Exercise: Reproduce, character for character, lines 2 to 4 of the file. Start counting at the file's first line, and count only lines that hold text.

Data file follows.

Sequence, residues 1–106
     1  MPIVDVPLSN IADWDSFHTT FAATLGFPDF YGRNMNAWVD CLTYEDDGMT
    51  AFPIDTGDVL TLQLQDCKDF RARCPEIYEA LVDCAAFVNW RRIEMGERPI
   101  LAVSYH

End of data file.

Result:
     1  MPIVDVPLSN IADWDSFHTT FAATLGFPDF YGRNMNAWVD CLTYEDDGMT
    51  AFPIDTGDVL TLQLQDCKDF RARCPEIYEA LVDCAAFVNW RRIEMGERPI
   101  LAVSYH